• Wound healing disorders after injuries or operations
  • Ulcus cruris (open leg wounds)
  • Lack of resilience
  • Muscular atrophy
  • Lack of sleep due to pain
  • High dosage of painkillers, pain therapy
  • Lack of ability to recognize pain in other parts of the body as a warning signal

Typical mental problem areas

The mind is also significantly affected by the disease, resulting in psychological problem areas, which are mentioned below.

Personality fields:

  • Feeling of powerlessness
  • Dependency
  • Feelings of shame
  • Shyness
  • Feelings of guilt
  • Feeling overburdened by the sudden new situation or living everyday life with it
  • Permanent stress
  • Hopes are lost again and again, have to be rebuilt
  • Withdrawal
  • Depression
  • Anger
  • Feelings of inferiority
  • Mistrust and/or difficulties in building trust
  • Question and fear about the heritability of the disease
  • Problems in perceiving the “I” with self-confidence and in treating yourself considerately
  • Enduring being different
  • Enduring being constantly looked at or even gawked at
  • Being talked to about the disease, e.g., “What is it? Can’t anything be done about it? Is it skin cancer?”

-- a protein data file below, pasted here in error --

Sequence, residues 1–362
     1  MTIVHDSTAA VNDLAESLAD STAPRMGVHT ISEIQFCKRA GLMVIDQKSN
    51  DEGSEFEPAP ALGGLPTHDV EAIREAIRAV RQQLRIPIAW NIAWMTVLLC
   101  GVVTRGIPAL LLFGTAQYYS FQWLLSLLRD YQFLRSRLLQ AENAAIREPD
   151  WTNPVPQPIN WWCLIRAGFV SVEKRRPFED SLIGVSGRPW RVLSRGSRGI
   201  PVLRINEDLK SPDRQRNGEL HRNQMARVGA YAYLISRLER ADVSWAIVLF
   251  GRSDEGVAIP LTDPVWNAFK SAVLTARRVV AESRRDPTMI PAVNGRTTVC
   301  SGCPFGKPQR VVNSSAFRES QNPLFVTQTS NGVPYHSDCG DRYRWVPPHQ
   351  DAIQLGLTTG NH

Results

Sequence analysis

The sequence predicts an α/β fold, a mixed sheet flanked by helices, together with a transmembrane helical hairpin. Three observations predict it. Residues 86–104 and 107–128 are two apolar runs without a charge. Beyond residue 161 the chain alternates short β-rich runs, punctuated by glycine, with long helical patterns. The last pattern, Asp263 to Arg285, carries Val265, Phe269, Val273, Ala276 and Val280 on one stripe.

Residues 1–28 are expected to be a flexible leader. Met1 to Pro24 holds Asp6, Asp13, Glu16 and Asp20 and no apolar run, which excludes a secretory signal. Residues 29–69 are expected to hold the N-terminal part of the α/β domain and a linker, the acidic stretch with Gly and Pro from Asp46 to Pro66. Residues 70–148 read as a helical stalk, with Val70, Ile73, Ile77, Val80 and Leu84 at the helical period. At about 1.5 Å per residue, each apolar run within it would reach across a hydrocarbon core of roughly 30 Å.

• Having fingers pointed fingers at you and being laughed at, sometimes small children are frightened by the visible disease signs and start crying.
  • Being insulted, e.g., in the disco: “can’t you go home, I want to have fun and not see a face like yours”.
  • Putting up with being overlooked or ostracized

Dealing with and coping with the disease:

  • Uncertainty in making decisions about diagnosis and treatment
  • Uncertainty in dealing with the consequences and accompanying symptoms: therapies, bleeding, pain, anger, withdrawal, school refusal, puberty issues
  • Refusal of medical treatment, especially during puberty
  • Therapy fatigue, enduring waiting times for specialist and surgical appointments
  • Difficult time of transition from pediatric to adult medicine
  • Enduring, despite not getting answers/feedback on results despite commitment
  • Physician contacts sometimes disappointing in course and outcome
  • Constant consideration and putting your own needs aside
  • Balancing the different needs within the family
  • Finding words for your own illness so that you can react in everyday life